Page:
Tuesday, September 22, 2009

Musings in the Mississippi Delta

My good friend, Bill Hawkins, picked me up on a rainy, Nashville Friday and we began a trip that I will remember for a long time.

I had never done anything like this before. So I was extremely thankful and excited as we boarded the plane, got to New Orleans before we could even eat our peanuts, and headed south to Venice, LA- about as far south on land a person can go.

I had no clue how blessed I was going to be. It started when I learned that we were fishing with Mike Frenette. Over 20 years experience has earned Mike Frenette world wide recognition as the very best charter captain in South Louisiana.

Mike currently has his own television show ``Outdoor Adventures With Mike Frenette", which airs in the New Orleans area, and a fishing segment each Thursday on WVUE Channel 8. He has also appeared on ESPN's ``Salt Water Journal" with host Mark Sosin, and on TNN's ``Great American Outdoors" with Ron Shearer, along with other guest appearances.

Mike has a great set-up- right on the delta. His boat is on the water, his lodge right over it, so all we did was eat, sleep, and fish.

The eating was about as good as it gets. Mike has his own cook, Gloria, who had authentic Cajun cuisine waiting after each day of fishing. Her dishes included grilled redfish, creole pasta, and shrimp jambalaya.

I also have to mention the unusual beauty of the Mississippi delta. It is a place of resurgence following the devastation of Katrina. As we skimmed the shallow waters of the brackish water, it was surreal to see new structures and destroyed structures in the foreground of God's beauty.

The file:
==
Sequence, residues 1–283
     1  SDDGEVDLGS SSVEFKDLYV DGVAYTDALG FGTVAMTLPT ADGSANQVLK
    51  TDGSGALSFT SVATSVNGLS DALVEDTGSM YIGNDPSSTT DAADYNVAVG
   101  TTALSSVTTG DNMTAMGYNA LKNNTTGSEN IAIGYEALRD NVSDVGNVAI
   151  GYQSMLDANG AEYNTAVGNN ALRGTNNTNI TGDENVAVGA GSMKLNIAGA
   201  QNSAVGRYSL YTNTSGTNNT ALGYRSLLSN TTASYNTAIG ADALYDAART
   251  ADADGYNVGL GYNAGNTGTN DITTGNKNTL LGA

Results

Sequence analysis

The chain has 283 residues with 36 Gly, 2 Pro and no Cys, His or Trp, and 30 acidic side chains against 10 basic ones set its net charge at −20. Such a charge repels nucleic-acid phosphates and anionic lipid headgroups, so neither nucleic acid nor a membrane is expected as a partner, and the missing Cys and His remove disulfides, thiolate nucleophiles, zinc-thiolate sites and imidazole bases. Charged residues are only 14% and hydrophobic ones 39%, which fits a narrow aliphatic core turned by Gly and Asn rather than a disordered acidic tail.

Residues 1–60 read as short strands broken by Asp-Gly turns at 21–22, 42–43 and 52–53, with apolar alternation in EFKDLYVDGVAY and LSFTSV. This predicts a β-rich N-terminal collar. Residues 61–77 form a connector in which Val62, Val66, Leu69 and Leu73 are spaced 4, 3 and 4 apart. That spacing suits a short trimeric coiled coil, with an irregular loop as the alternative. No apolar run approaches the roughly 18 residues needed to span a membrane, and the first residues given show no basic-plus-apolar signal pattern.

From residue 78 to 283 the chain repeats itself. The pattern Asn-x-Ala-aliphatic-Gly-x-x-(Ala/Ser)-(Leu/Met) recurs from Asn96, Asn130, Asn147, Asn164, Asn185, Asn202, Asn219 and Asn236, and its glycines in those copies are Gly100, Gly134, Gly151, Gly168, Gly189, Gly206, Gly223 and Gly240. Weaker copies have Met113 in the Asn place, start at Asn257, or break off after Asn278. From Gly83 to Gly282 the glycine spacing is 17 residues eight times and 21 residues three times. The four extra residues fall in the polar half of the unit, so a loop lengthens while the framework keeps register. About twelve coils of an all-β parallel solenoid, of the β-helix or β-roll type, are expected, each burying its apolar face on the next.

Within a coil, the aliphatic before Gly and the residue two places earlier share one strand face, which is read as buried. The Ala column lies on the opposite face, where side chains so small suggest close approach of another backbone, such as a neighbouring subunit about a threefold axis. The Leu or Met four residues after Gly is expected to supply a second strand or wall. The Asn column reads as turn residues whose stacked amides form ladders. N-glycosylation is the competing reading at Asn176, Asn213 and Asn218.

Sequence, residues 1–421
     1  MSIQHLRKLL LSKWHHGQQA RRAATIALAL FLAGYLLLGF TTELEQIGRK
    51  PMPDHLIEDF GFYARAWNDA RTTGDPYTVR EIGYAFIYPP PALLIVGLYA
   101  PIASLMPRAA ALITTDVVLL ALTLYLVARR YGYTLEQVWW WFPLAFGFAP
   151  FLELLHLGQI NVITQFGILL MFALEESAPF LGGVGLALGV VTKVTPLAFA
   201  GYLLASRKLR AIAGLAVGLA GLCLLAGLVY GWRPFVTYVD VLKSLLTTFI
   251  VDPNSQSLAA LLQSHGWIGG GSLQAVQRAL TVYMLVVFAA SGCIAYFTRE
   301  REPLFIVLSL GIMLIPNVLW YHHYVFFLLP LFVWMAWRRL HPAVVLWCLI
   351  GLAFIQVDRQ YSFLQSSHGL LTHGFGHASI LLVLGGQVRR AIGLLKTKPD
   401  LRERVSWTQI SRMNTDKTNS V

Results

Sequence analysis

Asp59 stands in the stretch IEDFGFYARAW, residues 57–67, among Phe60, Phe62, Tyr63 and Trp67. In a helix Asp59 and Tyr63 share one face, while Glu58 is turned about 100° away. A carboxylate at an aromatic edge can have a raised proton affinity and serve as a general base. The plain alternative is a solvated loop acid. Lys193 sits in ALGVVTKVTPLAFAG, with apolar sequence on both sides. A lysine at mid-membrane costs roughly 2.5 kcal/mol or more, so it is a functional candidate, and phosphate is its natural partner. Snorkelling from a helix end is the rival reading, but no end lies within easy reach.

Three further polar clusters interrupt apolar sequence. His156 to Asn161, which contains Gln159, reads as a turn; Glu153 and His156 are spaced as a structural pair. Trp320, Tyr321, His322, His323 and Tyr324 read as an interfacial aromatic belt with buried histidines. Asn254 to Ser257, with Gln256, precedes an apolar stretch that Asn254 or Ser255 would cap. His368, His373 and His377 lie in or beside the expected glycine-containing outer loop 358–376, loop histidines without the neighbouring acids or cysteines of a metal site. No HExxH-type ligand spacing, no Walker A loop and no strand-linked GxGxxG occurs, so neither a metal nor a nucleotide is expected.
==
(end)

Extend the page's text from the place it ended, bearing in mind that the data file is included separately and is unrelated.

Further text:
There were rusted out barges being overtaken by dazzling vegetation and brand new buildings going up on the shore. There were the amazing engineering of the gas and oil plants scattered in acres of high reeds and alligator water.

It was like something out of a James Bond movie as we stormed through the reeds into open water. The no wake zone looked like a scene from water world and the environment constantly changed from unmarked natural marsh, to open ocean, to unexpected natural gas pumps dotting the landscape.

The water depth would always range from 3 to 6 feet. We anchored in some places that looked like a vast ocean only to realize that for miles the water was no more than 3 1/2 feet deep.

I'll write later about the fishing part and the amazing redfish that we stalked. But there is something about being there that makes a person feel so alive. It was a therapeutic escape and an experience I will always treasure.

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